Dubbed the “saddest” mall in New Jersey, Burlington Township Council announced during its Jan. 9 executive session that the retail space is shutting its doors
It’s no secret the Burlington Center Mall is dead in the water. It voluntarily closed its doors Jan. 9 due to extensive damage from burst water pipes, and at Tuesday evening’s Burlington Township Council meeting, Mayor Brian Carlin revealed the owners will shut them for good over the next few months.
Township Administrator Walter Corter said most of the mall will officially become a vacant property in late February or March. The Sears located on the property, which is under separate ownership than the rest of the mall, is open and operating. Though the mall’s current owners, Moonbeam Capital Investments, cannot force Sears to leave the property, Carlin and Corter said it will also likely close within the same time frame.
Sears managers were unable to comment on an official closing date, but on Wednesday morning, the parking lot was deserted and shoppers were nowhere in sight. Nearly a hundred vacant storefronts make up the rest of the center after the departure of five shops and eviction of the Burlington Township Food Pantry and the Burlington Center Ministry in December. It is rumored that Kay Jewelers, Bath and Body Works, Fashion Tailors Boutique and Recess Arcade remain, but Corter said he and the township “just don’t know” what stores are still operating at this point.
Moonbeam Capital could not be reached for comment.
Corter said that after the fire department responded to the water leak on Monday, there is no heat in the building and the electrical system in a good portion of the building has been compromised.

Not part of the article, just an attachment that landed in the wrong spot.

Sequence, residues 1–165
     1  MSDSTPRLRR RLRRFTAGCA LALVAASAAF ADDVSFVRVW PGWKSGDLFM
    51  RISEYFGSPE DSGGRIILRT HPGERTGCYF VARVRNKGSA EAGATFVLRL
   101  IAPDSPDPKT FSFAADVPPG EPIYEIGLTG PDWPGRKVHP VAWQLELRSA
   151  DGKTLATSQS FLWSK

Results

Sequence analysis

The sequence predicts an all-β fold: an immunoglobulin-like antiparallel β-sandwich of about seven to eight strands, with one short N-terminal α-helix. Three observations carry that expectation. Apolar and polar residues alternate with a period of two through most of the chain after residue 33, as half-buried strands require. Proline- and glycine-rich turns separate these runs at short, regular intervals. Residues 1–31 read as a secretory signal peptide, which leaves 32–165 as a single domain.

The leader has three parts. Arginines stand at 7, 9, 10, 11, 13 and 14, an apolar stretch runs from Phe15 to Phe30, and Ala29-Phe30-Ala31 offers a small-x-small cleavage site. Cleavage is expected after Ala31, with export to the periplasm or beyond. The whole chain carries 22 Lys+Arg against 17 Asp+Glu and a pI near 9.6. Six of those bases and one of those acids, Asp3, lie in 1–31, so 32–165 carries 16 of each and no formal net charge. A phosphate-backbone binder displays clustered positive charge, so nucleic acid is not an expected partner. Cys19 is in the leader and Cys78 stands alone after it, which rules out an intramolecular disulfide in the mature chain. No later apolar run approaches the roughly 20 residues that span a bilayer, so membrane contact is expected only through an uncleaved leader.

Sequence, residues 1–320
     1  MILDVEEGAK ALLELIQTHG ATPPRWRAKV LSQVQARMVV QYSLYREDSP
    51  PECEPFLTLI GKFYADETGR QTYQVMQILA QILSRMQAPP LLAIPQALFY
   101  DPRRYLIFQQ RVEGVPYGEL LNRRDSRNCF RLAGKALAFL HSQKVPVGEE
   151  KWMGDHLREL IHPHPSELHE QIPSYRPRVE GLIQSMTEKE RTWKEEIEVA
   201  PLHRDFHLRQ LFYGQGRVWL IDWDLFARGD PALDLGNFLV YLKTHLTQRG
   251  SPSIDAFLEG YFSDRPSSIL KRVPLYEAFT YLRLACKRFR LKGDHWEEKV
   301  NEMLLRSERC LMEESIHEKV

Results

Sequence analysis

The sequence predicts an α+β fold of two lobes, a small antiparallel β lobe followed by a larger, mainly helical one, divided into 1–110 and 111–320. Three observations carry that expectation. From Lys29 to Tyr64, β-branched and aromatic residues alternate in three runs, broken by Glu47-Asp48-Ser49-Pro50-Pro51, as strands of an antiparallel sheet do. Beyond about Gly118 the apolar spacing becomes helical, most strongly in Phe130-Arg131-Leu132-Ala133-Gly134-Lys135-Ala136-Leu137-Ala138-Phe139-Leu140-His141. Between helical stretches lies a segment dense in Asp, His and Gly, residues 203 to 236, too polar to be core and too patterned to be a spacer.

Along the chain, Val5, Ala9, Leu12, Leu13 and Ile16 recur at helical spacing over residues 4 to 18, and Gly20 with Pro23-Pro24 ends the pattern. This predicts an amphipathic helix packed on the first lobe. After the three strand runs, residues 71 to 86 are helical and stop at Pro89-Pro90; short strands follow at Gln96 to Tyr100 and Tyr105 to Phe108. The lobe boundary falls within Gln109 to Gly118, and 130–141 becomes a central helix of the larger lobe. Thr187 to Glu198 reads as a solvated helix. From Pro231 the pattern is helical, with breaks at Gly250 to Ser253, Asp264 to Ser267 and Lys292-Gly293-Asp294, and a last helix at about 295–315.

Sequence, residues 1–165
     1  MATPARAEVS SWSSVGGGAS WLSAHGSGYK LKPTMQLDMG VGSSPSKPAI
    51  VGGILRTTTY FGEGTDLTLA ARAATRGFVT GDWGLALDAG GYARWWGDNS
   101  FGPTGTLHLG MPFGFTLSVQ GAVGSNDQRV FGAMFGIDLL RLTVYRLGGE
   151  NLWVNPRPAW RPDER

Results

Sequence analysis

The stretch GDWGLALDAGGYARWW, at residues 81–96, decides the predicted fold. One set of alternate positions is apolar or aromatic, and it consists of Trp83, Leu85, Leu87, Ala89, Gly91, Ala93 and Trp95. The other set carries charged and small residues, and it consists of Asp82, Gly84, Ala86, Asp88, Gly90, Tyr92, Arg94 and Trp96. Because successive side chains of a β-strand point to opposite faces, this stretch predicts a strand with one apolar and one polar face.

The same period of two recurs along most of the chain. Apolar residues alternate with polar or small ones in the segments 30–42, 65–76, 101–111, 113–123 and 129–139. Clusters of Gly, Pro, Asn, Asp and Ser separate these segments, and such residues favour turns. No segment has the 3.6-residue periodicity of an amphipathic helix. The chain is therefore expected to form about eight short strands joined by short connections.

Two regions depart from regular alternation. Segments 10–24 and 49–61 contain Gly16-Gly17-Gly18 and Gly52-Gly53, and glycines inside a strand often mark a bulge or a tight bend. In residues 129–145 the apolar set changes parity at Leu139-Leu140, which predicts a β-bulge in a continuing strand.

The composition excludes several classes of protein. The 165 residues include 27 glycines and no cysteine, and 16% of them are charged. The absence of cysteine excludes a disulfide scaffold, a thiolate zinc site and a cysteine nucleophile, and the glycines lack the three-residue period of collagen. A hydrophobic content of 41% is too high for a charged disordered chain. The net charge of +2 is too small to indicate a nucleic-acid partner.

As for the future of the property, Carlin said it hangs in the balance. Moonbeam Capital had ambitious plans for a bustling marketplace when it purchased the retail space for more than $4 million in 2012, but its vision was never realized as it failed to attract retailers.
Developers MRP Industrial recently proposed a plan to the township for a mixed-use retail space that would include up to 1,000 units of rental housing and four- to five-story buildings, but the council felt it was not appropriate for the Burlington Township community.
“Our schools can’t handle that, not without a referendum,” Carlin added. “We’re in a holding pattern with the mall that, unless you want an [industrial space] with mixed use in the front of retail like we saw with the plan, we’re leaving it where it is and seeing what develops out there. The economy could change. It’s certainly something that we have no control over, we’ve done everything we can to make the site attractive.”
With the mall’s closure will come new concerns regarding policing, Carlin said. Moonbeam does not have any clear plans and told the township that it is in no rush to make a decision.
“We have a parking lot, we’ve got a vacant building, so we’re going to be dealing with that until the owner decides what the heck they’re going to do with it,” Carlin said.
Above all, Carlin assured, the council is working to make sure the center stays safe for the community.